Where would we be without Wikipedia? How would we settle those instantaneous curiosities without the de facto encyclopedia always available in front of us and in our pockets?
Without a doubt, Wikipedia is a crucial piece to our everyday lives for many of us. But why does it have to be so damn ugly!? Am I right!?
To a certain extent, it makes sense: it needs to meet the needs of billions of people without distracting them or turning them off; it needs to be easy to read to accommodate those with disabilities; and it needs to be lightweight to not be a drain on the resources of the end user or the Foundation.
However, for those looking for a more immersive and beautifully designed layout, look no further than Wikiwand. Continue reading “Wikiwand – a much better way to read Wikipedia”
With the incredible Code by Zapier app, getting a short URL for any URL you have is very easy using the API in YOURLS. I used this strategy to promote new content from my websites on social media using the item’s short URL.
I love automating things. For a few years now I’ve configured my site using Jetpack’s Publicize module in conjunction with Buffer to automatically post new content to my social networks. However, there’s a couple of limitations with that approach:
- Publicize seemingly won’t let you use the post’s short URL,
- You have little control over when these posts go out on social media.
With my new found love of Zapier, I sought to rectify both of these issues. Continue reading “Get a short URL from YOURLS in Zapier”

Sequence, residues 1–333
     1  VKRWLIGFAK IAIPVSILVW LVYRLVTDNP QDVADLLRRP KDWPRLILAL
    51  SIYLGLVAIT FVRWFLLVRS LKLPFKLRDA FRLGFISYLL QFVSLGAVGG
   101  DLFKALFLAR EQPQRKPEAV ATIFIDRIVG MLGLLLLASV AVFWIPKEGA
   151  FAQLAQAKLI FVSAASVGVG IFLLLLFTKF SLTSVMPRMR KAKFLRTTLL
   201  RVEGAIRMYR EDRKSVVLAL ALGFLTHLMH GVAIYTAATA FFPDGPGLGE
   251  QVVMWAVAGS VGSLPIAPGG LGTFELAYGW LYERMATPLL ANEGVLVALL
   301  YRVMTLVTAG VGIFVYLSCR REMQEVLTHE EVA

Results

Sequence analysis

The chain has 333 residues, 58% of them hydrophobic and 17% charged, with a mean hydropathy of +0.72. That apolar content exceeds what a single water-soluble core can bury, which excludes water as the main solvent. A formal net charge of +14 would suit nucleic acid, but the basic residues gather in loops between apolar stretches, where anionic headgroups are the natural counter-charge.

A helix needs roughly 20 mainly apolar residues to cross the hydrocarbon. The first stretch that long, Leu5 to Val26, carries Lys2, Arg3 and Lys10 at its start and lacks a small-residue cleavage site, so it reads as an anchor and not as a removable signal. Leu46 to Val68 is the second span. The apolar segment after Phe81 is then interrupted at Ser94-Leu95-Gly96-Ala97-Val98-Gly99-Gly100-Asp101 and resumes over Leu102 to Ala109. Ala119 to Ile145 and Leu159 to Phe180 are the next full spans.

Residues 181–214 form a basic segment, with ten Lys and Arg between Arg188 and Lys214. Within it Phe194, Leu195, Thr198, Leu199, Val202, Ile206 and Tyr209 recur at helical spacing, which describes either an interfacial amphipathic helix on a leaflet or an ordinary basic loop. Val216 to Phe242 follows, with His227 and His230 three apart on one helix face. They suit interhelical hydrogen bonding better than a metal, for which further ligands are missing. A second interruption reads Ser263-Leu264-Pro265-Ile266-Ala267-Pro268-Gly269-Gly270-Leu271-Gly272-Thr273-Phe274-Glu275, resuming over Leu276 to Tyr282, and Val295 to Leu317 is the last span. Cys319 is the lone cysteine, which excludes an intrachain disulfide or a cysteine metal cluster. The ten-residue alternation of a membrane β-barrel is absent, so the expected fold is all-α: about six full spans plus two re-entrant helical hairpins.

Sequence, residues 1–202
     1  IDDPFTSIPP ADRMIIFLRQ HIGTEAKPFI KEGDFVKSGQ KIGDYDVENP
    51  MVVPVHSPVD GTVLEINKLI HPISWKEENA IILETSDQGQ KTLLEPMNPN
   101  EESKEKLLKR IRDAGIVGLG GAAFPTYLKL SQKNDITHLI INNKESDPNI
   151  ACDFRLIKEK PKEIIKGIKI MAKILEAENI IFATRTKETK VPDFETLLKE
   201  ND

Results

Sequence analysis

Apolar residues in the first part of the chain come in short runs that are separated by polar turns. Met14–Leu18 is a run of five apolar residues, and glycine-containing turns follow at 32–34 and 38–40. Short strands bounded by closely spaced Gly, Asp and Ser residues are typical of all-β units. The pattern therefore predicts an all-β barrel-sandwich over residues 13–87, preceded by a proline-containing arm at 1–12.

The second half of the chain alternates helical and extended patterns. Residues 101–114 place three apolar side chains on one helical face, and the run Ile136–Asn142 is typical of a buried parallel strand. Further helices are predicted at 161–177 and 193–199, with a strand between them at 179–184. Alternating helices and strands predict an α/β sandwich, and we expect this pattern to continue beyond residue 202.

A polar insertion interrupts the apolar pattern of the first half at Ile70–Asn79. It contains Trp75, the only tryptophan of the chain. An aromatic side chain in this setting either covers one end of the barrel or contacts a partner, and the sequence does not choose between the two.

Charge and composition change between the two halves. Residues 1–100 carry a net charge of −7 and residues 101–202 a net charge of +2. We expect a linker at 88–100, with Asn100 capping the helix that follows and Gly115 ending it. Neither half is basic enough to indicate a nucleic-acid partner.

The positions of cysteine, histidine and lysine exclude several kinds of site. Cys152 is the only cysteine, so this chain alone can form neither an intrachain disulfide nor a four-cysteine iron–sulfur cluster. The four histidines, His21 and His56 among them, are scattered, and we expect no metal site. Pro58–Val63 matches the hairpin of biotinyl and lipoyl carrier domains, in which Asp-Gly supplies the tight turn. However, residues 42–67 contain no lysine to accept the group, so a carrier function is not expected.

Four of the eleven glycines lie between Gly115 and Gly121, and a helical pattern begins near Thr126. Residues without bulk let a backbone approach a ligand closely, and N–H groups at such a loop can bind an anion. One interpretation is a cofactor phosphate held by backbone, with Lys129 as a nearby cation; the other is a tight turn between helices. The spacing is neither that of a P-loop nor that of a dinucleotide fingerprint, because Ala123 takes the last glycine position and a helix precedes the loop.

Zapier is in the business of connecting over 500 of the most popular online services by connecting triggers (such as new Stripe transactions or new Instagram posts) and creating actions from them (such as publishing tweets or entering transactions in QuickBooks) which can make predictable, repeatable business and personal tasks much easier by automating them.
It is no secret that I’m a huge fan of automation. I’ve previously discussed how to create items on your To Do list from form entries and how to automatically track all of your deliveries in an iPhone app. So when I decided to move my accounting to QuickBooks and employ my mother-in-law as my accountant to maintain my books, I sought to overhaul how my books were managed and to make the process as easy as possible for my new accountant.
This is where Zapier comes in. I had long known about Zapier since it was a fledgling service, aiming to join up the mountain of online services which provide and/or receive information but don’t necessarily speak directly to one another. For example, you might want to create a new tweet every time you posted a new image on Instagram or create a new message in Slack whenever you received an email matching a specific set of criteria, such as a new statement notification. Continue reading “Automate your life or business with Zapier”